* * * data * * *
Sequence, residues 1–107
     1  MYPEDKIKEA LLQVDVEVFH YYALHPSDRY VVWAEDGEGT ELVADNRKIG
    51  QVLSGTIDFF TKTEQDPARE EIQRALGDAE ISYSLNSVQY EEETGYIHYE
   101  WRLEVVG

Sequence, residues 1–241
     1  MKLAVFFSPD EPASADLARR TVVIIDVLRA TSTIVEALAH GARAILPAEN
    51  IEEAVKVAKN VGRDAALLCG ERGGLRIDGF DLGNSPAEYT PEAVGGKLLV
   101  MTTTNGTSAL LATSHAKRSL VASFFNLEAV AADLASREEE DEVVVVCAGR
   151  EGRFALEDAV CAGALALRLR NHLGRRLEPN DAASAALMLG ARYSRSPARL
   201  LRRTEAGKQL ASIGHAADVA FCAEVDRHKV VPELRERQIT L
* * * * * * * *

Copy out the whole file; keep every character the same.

Sequence, residues 1–107
     1  MYPEDKIKEA LLQVDVEVFH YYALHPSDRY VVWAEDGEGT ELVADNRKIG
    51  QVLSGTIDFF TKTEQDPARE EIQRALGDAE ISYSLNSVQY EEETGYIHYE
   101  WRLEVVG

Sequence, residues 1–241
     1  MKLAVFFSPD EPASADLARR TVVIIDVLRA TSTIVEALAH GARAILPAEN
    51  IEEAVKVAKN VGRDAALLCG ERGGLRIDGF DLGNSPAEYT PEAVGGKLLV
   101  MTTTNGTSAL LATSHAKRSL VASFFNLEAV AADLASREEE DEVVVVCAGR
   151  EGRFALEDAV CAGALALRLR NHLGRRLEPN DAASAALMLG ARYSRSPARL
   201  LRRTEAGKQL ASIGHAADVA FCAEVDRHKV VPELRERQIT L